Coast-to-Coast Myths: Aside from common concerns that experienced and legitimate call centers routinely encounter, here are some common myths:
1) Political calls are exempt from all telemarketing regulations. False. Take calling cell phones, for instance. The FCC’s Telephone Consumer Protection Act (TCPA) bars any automated calls to cell phones and contains monetary and other penalties for violation of this law. Would you want your candidate and campaign tagged by the FCC as a law violator?
2) Automated calls (robocalls), prerecorded voice, or artificial voice messages for political campaigning purposes are legal in all states. False. Some states have banned them outright or require that such calls be introduced to the called party by a live operator, who must gain the called party’s permission to take the call. Similarly, some state laws may not ban the prerecorded messages themselves, but may require that the autodialer they originate from be registered with the state – not an easy or quick procedure – constituting a record that would likely be subject to public disclosure.
3) State monitoring and call recording laws do not apply to political calling. False. These laws come from state wiretapping and privacy laws, some of which, if violated, carry criminal penalties. Every call, including political calling, is subject to these laws, which must be researched and applied to calling into each state. State wiretapping laws vary by state.
4) A DNC Registry for political calling is not on the horizon. False. Bills abound in a number of states for their own political DNC registries.
5) If you follow the federal rules, then you comply with the state rules as well. False. State laws can apply. For instance, Alabama’s autodialer laws expressly apply to political calls. AL § 5-63-204 (a) says that it is unlawful for any person “to use a telephone. . .soliciting information, gathering data, or for any other purpose in connection with a political campaign when such use involves an automated system for the selection and dialing of telephone numbers and the playing of recorded messages when a message is completed to the called number.”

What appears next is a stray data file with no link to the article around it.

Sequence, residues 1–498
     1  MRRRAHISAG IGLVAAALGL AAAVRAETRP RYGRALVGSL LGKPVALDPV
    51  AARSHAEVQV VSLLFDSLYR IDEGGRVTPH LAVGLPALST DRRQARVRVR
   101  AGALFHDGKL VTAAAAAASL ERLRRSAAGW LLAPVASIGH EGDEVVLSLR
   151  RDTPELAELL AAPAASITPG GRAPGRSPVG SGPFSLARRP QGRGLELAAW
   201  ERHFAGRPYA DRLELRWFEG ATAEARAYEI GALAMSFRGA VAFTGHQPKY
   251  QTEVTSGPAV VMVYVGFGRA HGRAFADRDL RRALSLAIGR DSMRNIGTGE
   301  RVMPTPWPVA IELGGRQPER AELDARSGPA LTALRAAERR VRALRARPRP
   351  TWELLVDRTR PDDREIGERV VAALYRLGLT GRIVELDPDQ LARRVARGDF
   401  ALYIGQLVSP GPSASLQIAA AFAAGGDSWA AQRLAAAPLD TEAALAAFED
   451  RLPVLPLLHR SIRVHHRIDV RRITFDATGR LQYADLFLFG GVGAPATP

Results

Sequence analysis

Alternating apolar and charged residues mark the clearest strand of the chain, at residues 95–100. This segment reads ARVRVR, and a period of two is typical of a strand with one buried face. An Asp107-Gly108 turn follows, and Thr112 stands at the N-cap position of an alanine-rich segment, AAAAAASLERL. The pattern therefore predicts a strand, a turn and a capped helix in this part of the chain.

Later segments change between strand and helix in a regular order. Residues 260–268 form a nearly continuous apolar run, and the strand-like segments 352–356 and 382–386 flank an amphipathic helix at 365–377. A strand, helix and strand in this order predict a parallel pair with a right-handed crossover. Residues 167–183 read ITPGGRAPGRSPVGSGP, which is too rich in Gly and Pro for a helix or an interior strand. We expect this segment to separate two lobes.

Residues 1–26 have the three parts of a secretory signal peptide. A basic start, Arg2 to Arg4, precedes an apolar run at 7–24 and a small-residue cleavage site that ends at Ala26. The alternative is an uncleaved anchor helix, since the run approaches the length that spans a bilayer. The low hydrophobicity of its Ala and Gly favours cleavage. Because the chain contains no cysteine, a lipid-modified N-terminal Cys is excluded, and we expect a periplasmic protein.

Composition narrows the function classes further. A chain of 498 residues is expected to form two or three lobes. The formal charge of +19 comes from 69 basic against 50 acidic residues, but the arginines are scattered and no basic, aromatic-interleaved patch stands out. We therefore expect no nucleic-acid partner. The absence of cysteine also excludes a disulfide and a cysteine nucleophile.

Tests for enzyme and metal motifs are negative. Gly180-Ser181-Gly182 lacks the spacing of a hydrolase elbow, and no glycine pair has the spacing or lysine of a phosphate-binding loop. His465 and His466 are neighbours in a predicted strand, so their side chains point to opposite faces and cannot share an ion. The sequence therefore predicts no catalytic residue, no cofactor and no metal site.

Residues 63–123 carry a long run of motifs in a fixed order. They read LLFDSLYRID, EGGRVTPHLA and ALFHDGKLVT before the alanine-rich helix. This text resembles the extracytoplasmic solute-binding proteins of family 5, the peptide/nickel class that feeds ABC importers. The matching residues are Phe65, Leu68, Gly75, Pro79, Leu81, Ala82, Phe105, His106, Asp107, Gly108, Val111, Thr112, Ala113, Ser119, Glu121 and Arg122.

These are the facts and some of the myths. Many laws do apply to political calls. Call centers and political campaigns that don’t follow them risk fines, criminal prosecution, and the inevitable loss of the client’s election or cause. Campaigns that press call centers to skirt applicable laws also risk being turned down by the very call center that can make the campaign a success. Professional call centers want to help political clients rock the vote, not sock the voter.
Angela Morris is president and founder of Quality Contact Solutions, a telemanagement services company with experience in inbound, outbound, and e-contact service strategies. To contact Angela, please call 402-210-2962 or email@example.com
Sara Komen is corporate counsel and compliance officer for Timberline Total Solutions, an Omaha, Nebraska-based contact center providing inbound and outbound support for a broad spectrum of clients in a variety of industries, and an array of other contact center services. To contact Timberline, please call 877-575-2255, or email firstname.lastname@example.org.
[From Connection Magazine – May 2008]